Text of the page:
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Florida Senate renovations near completion

The Florida Senate’s chamber renovations should be done by early-to-mid November.

Senate spokeswoman Katie Betta tweeted back on Oct. 5: “Chamber Reno Update — About one month to left to go.”

She posted photos showing the chamber with redone walls, new desks, and new carpet going down.

As planned, the nearly 40-year-old mural that greeted visitors to the 5th floor gallery has been removed.

Departing Senate President Andy Gardiner has said the mural will be preserved for viewing elsewhere and stored until then.

The 10-foot-by-16 foot “Five Flags Mural” greeted visitors to the Senate since the Capitol opened in 1978.

The work also happens to depict a Confederate general and flag. The Senate previously voted to remove that symbol from its official seal and insignia.

When the chamber is reopened, senators will stand under a new ceiling dome, modeled after one in the Historic Capitol.

Gardiner pulled the trigger on the upgrade, recognizing that the chamber “has received only minimal updates since its original construction in the 1970s,” he said in a memo.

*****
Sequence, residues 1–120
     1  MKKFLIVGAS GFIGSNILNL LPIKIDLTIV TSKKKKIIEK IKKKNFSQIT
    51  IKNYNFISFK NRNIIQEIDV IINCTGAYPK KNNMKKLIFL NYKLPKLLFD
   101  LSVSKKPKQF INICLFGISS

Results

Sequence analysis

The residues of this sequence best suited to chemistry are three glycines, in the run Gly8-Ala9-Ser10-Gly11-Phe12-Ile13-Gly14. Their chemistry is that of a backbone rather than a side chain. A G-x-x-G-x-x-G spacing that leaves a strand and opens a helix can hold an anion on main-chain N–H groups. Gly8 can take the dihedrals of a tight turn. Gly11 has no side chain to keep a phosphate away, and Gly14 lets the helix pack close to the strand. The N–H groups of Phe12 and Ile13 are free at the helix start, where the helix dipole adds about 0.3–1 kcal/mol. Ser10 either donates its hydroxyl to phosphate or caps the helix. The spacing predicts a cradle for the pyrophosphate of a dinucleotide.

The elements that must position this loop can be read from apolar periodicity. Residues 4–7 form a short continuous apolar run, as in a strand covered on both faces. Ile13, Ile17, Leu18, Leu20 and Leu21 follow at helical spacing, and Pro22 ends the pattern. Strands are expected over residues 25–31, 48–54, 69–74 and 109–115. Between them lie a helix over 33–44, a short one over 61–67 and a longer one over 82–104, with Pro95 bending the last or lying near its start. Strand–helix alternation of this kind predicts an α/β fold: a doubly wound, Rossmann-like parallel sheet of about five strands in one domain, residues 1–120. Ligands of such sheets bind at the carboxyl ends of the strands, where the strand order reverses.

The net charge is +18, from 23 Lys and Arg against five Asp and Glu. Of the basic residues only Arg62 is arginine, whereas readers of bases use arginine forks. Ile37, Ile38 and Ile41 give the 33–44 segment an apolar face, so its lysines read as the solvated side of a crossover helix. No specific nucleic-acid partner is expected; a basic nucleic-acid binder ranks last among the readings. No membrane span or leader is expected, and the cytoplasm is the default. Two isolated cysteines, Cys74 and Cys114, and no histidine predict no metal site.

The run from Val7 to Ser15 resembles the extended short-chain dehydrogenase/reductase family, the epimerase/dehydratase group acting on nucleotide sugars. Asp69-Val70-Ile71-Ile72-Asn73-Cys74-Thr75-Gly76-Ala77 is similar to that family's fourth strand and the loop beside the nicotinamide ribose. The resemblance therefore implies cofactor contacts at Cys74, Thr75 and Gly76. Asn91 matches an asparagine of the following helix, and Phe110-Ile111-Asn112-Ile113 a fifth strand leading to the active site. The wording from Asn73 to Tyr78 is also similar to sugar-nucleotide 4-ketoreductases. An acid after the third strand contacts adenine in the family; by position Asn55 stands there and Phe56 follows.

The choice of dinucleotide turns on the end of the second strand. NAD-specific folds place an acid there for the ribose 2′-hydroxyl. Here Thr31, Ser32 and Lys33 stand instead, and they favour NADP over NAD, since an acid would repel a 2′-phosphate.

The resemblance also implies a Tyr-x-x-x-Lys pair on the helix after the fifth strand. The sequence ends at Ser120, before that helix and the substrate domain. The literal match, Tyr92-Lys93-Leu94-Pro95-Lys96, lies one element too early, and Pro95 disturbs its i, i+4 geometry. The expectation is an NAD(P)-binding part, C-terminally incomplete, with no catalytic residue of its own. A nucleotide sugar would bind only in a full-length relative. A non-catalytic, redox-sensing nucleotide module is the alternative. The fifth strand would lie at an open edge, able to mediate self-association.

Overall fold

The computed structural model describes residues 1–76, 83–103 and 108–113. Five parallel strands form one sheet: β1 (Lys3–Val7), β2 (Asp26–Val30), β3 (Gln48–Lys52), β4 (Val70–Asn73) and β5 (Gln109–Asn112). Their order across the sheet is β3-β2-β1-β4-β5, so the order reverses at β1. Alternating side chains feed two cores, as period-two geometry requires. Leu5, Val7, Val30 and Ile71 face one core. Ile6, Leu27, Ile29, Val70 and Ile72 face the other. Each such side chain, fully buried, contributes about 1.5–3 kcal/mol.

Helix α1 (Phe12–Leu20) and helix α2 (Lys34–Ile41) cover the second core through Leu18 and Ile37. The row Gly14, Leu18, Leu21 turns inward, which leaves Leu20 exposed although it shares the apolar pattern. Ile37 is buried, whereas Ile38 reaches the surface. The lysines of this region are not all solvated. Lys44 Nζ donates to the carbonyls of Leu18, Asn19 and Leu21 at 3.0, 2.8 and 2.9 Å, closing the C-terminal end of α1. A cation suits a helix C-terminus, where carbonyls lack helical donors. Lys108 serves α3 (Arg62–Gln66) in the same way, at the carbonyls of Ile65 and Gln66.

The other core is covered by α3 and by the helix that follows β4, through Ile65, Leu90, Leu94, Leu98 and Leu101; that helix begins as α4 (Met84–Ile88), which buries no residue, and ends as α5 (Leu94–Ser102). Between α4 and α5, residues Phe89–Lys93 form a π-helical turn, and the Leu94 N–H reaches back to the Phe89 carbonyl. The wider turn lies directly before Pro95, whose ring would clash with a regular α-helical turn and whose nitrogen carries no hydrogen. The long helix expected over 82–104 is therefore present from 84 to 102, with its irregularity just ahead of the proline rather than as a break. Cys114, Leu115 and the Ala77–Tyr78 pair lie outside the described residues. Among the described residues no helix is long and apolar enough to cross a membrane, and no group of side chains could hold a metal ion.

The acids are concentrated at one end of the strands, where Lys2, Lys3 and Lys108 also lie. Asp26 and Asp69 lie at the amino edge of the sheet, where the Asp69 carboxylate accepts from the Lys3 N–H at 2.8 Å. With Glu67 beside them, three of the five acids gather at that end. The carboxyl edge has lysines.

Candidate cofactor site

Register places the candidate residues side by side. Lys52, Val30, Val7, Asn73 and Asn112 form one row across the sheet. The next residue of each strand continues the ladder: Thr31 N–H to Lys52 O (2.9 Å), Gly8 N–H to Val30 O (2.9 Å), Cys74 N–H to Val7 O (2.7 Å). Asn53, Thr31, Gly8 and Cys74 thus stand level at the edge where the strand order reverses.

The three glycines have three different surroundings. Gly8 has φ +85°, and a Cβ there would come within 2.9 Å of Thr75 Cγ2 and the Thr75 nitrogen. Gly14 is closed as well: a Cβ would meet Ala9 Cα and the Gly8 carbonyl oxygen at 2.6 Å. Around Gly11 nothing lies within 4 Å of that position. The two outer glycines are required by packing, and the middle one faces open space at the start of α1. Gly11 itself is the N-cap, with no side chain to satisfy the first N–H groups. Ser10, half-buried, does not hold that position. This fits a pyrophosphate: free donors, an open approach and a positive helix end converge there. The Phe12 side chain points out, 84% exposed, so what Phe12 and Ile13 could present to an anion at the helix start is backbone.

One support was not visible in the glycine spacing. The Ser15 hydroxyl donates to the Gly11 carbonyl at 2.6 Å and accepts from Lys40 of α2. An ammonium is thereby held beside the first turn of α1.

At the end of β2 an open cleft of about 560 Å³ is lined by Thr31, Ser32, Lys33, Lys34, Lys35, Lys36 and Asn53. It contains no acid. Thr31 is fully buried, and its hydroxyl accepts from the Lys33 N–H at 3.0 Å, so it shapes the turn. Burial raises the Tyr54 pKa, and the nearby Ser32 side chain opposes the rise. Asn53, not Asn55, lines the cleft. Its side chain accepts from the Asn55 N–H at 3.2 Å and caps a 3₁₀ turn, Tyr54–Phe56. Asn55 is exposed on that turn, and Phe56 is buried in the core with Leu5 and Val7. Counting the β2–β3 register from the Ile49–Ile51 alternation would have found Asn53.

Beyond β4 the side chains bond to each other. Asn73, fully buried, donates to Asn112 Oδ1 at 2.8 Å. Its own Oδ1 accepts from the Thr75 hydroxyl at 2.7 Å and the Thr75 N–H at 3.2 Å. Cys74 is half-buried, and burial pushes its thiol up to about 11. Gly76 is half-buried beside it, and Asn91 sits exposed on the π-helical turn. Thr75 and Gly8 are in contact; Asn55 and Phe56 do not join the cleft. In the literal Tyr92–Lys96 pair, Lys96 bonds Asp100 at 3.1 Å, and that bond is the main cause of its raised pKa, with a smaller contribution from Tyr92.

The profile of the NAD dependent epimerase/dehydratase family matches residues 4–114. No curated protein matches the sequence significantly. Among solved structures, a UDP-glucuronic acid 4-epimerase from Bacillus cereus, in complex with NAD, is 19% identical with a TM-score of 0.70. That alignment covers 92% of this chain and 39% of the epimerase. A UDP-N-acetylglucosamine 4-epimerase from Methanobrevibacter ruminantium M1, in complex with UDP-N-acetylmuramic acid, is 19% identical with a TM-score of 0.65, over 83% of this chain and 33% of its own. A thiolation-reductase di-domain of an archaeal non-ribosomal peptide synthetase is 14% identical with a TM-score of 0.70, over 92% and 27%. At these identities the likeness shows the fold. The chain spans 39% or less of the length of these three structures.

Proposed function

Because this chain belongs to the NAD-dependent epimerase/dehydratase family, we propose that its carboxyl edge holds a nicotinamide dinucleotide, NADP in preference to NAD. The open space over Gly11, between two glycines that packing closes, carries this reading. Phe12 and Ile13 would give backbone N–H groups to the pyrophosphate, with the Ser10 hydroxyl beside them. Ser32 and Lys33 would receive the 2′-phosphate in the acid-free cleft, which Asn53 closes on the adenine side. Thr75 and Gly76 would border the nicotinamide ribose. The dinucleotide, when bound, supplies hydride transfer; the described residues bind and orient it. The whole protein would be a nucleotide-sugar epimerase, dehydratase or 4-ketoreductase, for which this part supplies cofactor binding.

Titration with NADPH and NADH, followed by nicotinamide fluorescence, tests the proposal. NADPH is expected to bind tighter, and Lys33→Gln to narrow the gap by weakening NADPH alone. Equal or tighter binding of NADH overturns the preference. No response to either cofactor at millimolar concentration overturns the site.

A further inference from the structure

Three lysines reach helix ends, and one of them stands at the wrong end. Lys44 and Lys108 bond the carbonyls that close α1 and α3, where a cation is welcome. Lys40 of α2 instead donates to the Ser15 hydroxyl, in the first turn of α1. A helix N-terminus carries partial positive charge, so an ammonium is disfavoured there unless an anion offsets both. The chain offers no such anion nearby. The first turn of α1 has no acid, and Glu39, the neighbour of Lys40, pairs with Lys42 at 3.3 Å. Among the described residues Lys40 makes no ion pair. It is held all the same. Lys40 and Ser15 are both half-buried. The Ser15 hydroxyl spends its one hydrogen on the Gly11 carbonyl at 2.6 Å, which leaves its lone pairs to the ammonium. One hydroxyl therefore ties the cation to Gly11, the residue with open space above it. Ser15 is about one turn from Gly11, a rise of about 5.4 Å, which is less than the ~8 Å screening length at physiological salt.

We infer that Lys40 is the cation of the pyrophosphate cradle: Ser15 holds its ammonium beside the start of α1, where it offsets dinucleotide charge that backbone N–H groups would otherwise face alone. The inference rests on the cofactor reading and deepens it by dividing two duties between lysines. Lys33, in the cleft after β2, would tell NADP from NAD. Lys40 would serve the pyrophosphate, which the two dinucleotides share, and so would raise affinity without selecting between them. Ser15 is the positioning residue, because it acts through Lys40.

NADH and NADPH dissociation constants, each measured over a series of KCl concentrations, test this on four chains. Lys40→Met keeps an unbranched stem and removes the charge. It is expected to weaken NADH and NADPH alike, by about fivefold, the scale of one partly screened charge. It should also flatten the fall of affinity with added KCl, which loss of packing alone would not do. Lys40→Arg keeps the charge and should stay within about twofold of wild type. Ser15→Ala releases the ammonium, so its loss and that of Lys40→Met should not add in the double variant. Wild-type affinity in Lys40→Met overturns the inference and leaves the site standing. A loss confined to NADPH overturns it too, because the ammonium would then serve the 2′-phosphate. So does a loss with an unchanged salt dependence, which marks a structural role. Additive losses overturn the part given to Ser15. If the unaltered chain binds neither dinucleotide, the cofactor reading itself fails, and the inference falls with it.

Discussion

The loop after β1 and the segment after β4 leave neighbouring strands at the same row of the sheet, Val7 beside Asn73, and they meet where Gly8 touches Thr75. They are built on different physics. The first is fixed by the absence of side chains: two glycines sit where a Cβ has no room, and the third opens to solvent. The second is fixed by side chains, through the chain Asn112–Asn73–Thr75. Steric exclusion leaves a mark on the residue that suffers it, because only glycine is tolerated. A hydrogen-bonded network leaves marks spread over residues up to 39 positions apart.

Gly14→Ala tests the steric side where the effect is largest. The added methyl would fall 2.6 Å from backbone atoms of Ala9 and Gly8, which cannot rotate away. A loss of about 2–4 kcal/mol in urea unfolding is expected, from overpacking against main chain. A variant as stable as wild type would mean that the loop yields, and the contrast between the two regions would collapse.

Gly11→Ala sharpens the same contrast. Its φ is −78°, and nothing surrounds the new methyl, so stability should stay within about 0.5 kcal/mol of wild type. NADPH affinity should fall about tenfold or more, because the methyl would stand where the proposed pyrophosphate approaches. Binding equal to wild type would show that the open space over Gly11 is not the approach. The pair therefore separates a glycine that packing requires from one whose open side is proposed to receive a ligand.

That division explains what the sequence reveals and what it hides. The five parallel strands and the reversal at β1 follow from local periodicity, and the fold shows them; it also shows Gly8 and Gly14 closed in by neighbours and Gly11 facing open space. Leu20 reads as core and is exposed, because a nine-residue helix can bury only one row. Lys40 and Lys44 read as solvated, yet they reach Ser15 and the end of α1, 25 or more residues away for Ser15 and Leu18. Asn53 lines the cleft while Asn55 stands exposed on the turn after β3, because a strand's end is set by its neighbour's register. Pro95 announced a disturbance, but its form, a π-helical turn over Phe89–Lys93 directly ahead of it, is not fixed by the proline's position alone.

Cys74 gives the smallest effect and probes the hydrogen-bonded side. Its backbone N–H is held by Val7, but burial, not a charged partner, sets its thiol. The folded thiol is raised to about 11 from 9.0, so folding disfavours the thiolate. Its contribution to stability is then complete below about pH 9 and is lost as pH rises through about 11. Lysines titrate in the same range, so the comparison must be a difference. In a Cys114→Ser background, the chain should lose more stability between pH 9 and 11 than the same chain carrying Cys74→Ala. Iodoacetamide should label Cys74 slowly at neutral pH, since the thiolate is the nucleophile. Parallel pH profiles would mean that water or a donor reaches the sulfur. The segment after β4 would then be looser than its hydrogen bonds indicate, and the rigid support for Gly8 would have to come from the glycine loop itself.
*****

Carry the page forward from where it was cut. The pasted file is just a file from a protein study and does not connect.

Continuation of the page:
The final product in the Senate will be similar to an artists’ rendering released earlier this year.

It shows the new dome and other design elements that echo the Historic Capitol’s exterior, such as a pediment on top of columns over the president’s rostrum and the words, “In God We Trust.”

The renovation project was budgeted for $5 million. The chamber should be open for the Nov. 22 Organization Session.

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Is Oscar Braynon running the best Senate political operation in years?

Democratic uber consultant (and frequent Uber customer) Steve Schale contends in a must-read, table-setting blog post about which Florida Senate races are worth watching that “Oscar Braynon is running the best Senate political operation I’ve seen in years.”


Technically, Schale is absolutely right. Braynon is running the best political shop in years because, when compared to previous Democratic efforts, O.B. looks like a black James Carville.

Beyond Schale, there are other super-smart people in Tallahassee who think very highly of the Florida Democrats’ Senate political arm. Associated Industries of Florida’s Ryan Tyson often sings its praises, warning Republicans that if the Dems ever have more than two nickels to rub together, they’ll be dangerous.

Schale is also right on two more points:

— that, especially based on recent history, if Braynon’s Democrats overreach, they’re more likely to end up with just 14 or 15 seats in the Senate;

— and that if the Senate Dems get to 16 or 17 seats, that would make a huge impact in the chamber.